GSA site plays to the masses

GSA site plays to the masses

Consumer center tries whimsical method to compete with commercial sites

By Patricia Daukantas

GCN Staff

Where on the Web can you look up the latest product recalls, find facts about college financial aid or work a puzzle to pass the time?

The answer: the home page of the Federal Consumer Information Center, part of the General Services Administration. One of the oldest federal Web sites, it was embellished this year with shopping cart tools and whimsical graphics in a quest to become, as center director Teresa Nasif told a House committee last spring, 'the consumer's help desk for everyday life.'

The information center, whose Web address at pays homage to its longtime postal address in Pueblo, Colo., dispenses hundreds of electronic pamphlets about family and consumer issues.

Like the center's paper catalog, the Web pages are decorated with illustrations and comments in large, easy-to-read type.

'We're trying to compete with the commercial sites out there,' said Jerry Young, the consumer center's division director for program support and the de facto webmaster. The site's public-service advertisements in print publications claim that 'nine out of 10 mice' prefer it.

Young and the rest of the consumer center staff work at GSA headquarters. The Pueblo distribution center, made famous over the years by the printed Consumer Information Catalog, belongs to the Government Printing Office.

An executive order established the consumer center in 1970. Its original paper catalog was devised a few years later, publications and media division director Mary Levy said.

In the early 1990s, the center experimented with a dial-up bulletin board system that drew about 25,000 downloads per year. But dial-up use declined steeply once the Web gained acceptance, and the center shut down the BBS two years ago.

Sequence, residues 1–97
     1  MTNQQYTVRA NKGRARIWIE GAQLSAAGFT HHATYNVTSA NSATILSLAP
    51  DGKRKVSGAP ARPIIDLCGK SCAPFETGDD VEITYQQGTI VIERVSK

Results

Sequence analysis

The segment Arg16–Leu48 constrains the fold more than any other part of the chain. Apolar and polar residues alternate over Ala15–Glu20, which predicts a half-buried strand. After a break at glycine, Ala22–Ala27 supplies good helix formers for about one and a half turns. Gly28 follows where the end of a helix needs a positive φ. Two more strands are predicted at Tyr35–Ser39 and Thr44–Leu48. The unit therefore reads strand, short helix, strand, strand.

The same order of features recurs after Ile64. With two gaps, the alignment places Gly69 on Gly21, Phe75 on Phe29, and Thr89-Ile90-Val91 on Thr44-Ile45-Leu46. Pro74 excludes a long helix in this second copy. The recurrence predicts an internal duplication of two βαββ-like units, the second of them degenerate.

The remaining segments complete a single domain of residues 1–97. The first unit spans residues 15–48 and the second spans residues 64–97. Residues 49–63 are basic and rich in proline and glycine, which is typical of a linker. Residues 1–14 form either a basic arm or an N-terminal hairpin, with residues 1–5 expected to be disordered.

In the early days of electronic initiatives, the center hired a contractor to type the text of its pamphlets in basic ASCII format, Young said. When the first version of the Web site went live in 1994, only about 175 pamphlets were available electronically, Young said. Now there are about 550, many in two or three formats.

Over the years, center staff members have ported most of the text documents to Hypertext Markup Language for more attractive layout, and they have added Adobe Portable Document Format versions.

Easy does it

Many agencies now send their pamphlets to the center already in HTML and PDF, Young said. Everything generally is in either HTML or text with PDF as a third choice, because PDF is more difficult for less technically savvy people to handle.

For example, the site's food section lists 22 brochures in either text or HTML form, and only two pamphlets in both HTML and PDF.

Because converting documents to electronic text is time-consuming, the center is choosy about what it posts online, Levy said.

'I think that's one of the values that we bring to consumers,' she said. 'We've gone out to look at the vast amount of material available. It represents the best of federal information.'

The consumer center measures its response rate in page views. During its first year, the Web site tallied 1 million views; for fiscal 2000, it so far is on track to pass 12 million views.

GSA hosts the consumer Web site on a dual-processor Sun Ultra 2 server running Netscape Enterprise Server 3.63, Young said.

Down at first

For the first two years of the site's existence, it provided only downloads. During fiscal 1997, as electronic commerce gained popularity, it began taking pamphlet orders via the Web site and a toll-free phone number.

'It's completely changed the way we've done business,' Young said. This year the center is getting 48 percent of its orders through postal mail, 12 percent via the Web and 40 percent by telephone.